23.5 Factors Controlling Explosion Effects.
23.6 Seated Explosions.
23.7 Nonseated Explosions.
23.8 Gas/Vapor Combustion Explosions.
23.9 Dust Explosions.
23.10 Backdraft (Smoke Explosions).
23.11 Outdoor Vapor Cloud Explosions.
23.12 Explosives.
23.13 Investigation of Explosive Incidents.
23.14 Investigating the Explosion Scene.
23.15 Analyze Origin (Epicenter).
23.16 Analyze Fuel Source.
23.17 Analyze Ignition Source.
23.18 Analyze to Establish Cause.
Chapter 24 Incendiary Fires
24.1 Introduction.
24.2 Incendiary Fire Indicators.
24.3 Potential Indicators Not Directly Related to Combustion.
24.4 Other Evidentiary Factors.
Chapter 25 Fire and Explosion Deaths and Injuries
25.1 General.
25.2 Mechanisms of Death and Injury.
25.3 Consumption of the Body by Fire.
25.4 Postmortem Changes.
25.5 Investigating Fire Scenes with Fatalities.
25.6 Investigating Fire Scenes with Injuries.
25.7 Explosion Deaths and Injuries.
25.8 Post Scene Investigation of Injuries.
25.9 Fire Death Pathological and Toxicological Examination.
25.10 Analysis of Data.
Chapter 26 Appliances
26.1 Scope.
26.2 Appliance Scene Recording.
26.3 Origin Analysis Involving Appliances.
26.4 Cause Analysis Involving Appliances.
26.5 Appliance Components.
26.6 Common Residential Appliances.
Chapter 27 Motor Vehicle Fires
27.1 Introduction.
27.2 Vehicle Investigation Safety.
27.3 Fuels in Vehicle Fires.
27.4 Ignition Sources.
27.5 System Identification and Function.
27.6 Body Systems.
27.7 Motor Vehicle Fire Scenes.
27.8 Motor Vehicle Examinations.
27.9 Total Burns.
27.10 Special Considerations for Incendiary Vehicle Fires.
27.11 Vehicle Ignition Components.
27.12 Vehicles in Structures.
27.13 Recreational Vehicles.
27.14 Heavy Equipment.
27.15 Agricultural Equipment and Implements Introduction.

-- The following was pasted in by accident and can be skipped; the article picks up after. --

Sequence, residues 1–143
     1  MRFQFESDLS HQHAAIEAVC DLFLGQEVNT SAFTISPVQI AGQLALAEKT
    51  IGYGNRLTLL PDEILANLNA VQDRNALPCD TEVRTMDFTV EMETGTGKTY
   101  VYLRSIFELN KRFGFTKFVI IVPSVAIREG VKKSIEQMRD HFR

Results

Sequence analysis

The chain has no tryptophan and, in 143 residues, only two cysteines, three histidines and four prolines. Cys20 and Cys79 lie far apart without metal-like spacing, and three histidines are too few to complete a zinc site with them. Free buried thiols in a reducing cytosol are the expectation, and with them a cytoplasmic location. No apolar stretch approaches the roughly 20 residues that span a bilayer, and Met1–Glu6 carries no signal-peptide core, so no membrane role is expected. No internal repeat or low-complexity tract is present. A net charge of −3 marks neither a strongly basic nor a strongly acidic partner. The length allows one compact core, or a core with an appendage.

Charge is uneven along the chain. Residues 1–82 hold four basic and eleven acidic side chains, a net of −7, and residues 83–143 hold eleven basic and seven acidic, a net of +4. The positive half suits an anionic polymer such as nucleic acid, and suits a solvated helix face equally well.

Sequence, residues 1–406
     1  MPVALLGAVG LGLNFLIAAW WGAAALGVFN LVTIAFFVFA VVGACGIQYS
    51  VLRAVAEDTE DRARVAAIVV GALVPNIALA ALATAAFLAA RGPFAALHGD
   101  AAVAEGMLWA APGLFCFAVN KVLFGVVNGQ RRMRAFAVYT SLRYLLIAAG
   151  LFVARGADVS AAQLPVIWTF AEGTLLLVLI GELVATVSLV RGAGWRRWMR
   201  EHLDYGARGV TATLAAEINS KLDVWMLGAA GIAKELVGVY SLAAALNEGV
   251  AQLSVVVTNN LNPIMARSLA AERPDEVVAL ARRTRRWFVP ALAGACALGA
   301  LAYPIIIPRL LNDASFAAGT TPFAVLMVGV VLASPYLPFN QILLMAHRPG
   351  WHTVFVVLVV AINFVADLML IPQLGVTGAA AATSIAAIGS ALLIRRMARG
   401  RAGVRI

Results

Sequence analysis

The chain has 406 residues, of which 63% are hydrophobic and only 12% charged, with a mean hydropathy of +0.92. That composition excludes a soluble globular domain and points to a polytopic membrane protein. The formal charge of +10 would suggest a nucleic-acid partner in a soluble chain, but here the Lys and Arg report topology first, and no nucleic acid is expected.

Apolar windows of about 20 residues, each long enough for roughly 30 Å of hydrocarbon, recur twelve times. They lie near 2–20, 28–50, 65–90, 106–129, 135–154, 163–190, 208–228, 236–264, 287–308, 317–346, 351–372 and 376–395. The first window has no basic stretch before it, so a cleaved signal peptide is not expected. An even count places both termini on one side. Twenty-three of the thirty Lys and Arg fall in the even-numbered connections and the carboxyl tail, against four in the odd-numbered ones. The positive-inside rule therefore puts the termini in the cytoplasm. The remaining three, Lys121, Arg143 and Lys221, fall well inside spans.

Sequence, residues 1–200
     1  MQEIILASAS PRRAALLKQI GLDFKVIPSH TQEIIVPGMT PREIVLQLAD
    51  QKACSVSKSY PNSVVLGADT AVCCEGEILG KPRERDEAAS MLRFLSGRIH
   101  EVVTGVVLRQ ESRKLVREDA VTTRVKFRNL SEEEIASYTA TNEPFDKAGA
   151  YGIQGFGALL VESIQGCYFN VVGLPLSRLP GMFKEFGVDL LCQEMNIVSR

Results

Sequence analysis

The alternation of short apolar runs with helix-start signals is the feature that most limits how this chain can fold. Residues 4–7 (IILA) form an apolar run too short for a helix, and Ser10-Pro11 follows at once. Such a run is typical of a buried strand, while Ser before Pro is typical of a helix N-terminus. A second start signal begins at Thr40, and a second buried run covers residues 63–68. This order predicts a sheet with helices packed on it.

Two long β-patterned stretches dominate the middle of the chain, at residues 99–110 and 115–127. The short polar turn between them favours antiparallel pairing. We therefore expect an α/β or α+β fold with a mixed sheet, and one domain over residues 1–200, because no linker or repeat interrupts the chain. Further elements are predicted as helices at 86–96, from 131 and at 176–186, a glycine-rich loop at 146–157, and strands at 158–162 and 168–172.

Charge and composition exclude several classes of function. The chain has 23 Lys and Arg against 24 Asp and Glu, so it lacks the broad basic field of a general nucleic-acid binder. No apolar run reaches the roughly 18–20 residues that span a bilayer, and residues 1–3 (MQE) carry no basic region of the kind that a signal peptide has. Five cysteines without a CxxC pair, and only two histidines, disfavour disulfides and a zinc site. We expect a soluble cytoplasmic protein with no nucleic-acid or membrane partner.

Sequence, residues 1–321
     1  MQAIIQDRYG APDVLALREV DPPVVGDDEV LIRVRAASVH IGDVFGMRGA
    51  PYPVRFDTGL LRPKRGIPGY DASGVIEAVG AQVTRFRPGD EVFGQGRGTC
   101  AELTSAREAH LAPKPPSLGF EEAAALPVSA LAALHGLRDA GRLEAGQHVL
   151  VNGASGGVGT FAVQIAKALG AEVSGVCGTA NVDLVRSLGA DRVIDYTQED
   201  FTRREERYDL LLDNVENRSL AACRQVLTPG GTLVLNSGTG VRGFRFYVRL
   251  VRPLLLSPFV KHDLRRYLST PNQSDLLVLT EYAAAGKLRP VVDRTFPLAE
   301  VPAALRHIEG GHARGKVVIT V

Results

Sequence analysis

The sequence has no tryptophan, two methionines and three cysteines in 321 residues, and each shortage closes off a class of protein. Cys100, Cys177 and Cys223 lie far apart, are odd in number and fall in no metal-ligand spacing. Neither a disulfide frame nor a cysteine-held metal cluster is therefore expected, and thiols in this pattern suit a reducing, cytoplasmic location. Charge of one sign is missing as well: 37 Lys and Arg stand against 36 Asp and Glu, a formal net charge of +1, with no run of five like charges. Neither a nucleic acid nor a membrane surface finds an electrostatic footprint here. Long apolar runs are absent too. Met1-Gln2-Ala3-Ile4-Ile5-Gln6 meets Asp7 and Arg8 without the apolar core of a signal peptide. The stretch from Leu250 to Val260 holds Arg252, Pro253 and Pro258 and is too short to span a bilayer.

27.16 Hybrid Vehicles.
27.17 Towing Considerations.
27.18 Hydrogen-Fueled Vehicles.
Chapter 28 Wildfire Investigations
28.1 Introduction.
28.2 Wildfire Fuels.
28.3 Weather.
28.4 Topography.
28.5 Fire Shape.
28.6 Indicators.
28.7 Origin Investigation.
28.8 Fire Cause Determination.
28.9 Evidence.
28.10 Special Safety Considerations.
28.11 Sources of Information.
Chapter 29 Management of Complex Investigations
29.1 Scope.
29.2 Basic Information and Documents.
29.3 Communications Among Interested Parties.
29.4 Understandings and Agreements.
29.5 Management of the Investigation.
29.6 Evidence.
29.7 Logistics.
29.8 Site and Scene Safety.
Chapter 30 Marine Fire Investigations
30.1 Introduction.
30.2 Powerboat and Sailboat Terminology.
30.3 Boat Investigation Safety.
30.4 System Identification and Function.
30.5 Exterior.
30.6 Interior.
30.7 Propulsion Systems.
30.8 Ignition Sources.
30.9 Documenting Boat Fire Scenes.
30.10 Boat Examination.
30.11 Boats in Structures.
30.12 Legal Considerations.
Annex A Explanatory Material
Annex B Bibliography
Annex C Informational References
Annex D Photograph Credits

NFPA 921 is the field's leading reference for safe and systematic fire and explosion investigations.